Any electronic components necessary to perform the above functions can be contained, sometimes together with a printed circuit board as a base, in a single splitter module. Other functional modules include protection modules, which contain components to provide protection against overvoltage and/or overcurrent, and testing and monitoring modules, which contain suitable electronic components to test and/or monitor a telecommunications line. Other functional modules or plugs are also known.

SUMMARY OF THE INVENTION

In several individual aspects, the invention provides, generally, a carrier useful in the field of telecommunications; an assembly of a carrier and a telecommunications module; a telecommunications module; a method of connecting wires or cables with a telecommunications module; and a use of a spacer or a hinge part of a carrier or a telecommunications module by which the handling of wires or cables is improved.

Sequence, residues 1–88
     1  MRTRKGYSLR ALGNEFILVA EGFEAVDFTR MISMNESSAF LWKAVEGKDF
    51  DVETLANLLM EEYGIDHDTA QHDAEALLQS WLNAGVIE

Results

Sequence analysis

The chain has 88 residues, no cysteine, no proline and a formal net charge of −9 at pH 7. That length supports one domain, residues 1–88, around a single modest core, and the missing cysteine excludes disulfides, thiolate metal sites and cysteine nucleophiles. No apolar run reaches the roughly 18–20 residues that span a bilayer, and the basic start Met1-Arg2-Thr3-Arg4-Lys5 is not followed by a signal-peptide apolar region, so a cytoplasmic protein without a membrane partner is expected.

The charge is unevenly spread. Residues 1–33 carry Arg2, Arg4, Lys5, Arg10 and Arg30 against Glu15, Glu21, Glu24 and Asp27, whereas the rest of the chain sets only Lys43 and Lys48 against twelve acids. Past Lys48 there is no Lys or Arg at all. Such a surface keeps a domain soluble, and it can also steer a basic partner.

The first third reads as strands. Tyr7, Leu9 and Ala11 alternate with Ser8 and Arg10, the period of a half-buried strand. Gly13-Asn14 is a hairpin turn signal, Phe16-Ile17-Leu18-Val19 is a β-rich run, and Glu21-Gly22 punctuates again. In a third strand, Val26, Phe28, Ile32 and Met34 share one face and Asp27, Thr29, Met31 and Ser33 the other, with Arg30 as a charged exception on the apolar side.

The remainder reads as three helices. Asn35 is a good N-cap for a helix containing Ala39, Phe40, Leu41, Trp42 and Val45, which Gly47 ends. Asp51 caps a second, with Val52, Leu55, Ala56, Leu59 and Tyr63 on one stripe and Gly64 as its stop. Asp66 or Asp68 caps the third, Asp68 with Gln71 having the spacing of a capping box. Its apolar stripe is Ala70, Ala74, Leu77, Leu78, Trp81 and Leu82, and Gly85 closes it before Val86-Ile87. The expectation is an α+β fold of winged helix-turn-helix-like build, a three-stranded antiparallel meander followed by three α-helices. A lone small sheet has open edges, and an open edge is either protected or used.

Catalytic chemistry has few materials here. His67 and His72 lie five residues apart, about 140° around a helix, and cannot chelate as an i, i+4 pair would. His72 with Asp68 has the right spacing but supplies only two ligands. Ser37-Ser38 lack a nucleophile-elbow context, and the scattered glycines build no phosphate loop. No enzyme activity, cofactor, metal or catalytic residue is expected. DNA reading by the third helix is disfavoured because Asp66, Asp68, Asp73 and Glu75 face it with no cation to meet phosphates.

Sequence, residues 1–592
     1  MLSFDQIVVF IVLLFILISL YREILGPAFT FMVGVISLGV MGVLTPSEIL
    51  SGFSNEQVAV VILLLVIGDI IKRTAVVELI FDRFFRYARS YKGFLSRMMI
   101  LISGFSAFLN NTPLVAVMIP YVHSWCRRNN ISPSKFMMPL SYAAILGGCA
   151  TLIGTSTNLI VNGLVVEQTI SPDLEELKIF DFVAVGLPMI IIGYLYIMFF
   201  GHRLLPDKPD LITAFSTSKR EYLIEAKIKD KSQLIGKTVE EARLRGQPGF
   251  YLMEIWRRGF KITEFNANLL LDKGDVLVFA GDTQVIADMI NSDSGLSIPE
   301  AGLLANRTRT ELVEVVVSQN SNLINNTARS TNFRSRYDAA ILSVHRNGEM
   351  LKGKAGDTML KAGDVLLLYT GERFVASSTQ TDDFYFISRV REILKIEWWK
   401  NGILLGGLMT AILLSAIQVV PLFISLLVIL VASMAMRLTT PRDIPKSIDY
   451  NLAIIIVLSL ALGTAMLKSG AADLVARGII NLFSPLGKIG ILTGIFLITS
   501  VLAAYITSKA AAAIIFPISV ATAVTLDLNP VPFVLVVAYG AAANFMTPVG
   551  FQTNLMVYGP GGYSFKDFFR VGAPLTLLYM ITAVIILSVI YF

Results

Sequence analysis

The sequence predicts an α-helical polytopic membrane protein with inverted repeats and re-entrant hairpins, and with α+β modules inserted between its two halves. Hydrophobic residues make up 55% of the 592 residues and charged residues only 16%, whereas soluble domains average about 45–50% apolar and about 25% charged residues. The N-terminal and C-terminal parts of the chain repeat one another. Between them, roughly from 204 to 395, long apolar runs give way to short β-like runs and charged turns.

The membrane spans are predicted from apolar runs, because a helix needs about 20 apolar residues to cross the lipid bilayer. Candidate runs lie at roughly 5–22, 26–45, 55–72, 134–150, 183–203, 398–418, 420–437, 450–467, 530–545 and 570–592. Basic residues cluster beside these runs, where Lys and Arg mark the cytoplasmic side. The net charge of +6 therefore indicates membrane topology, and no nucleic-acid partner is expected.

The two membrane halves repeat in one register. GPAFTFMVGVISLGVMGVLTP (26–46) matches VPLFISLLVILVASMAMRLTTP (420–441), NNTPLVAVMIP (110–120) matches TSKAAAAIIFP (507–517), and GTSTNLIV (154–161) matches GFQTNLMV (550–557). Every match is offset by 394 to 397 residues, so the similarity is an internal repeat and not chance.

Thus, the invention, in one individual aspect, provides a carrier to which a plurality of telecommunications modules are mountable. The carrier has at least one spacer adapted to create a wire or cable stack by spacing the wires or cables from that part of the carrier on which the spacer is provided. In another aspect, the invention provides a use of a hinge part of a telecommunications module for guiding wires or cables.

BRIEF DESCRIPTION OF THE DRAWINGS

The invention will be described in part by reference to illustrative embodiments depicted in drawings in which:

FIG. 1 shows a side view of an assembly of a carrier and a telecommunications module in a “normal”, closed position;

FIG. 2 shows the assembly of FIG. 1 in a pivoted, open position;

FIG. 3 shows a side view of a second embodiment of an assembly of a carrier and a telecommunications module in a closed position;

FIG. 4 shows a side view of the telecommunications module of FIG. 3, and

FIG. 5 shows a rear view of the telecommunications module of FIG. 4.

DESCRIPTION OF PREFERRED EMBODIMENTS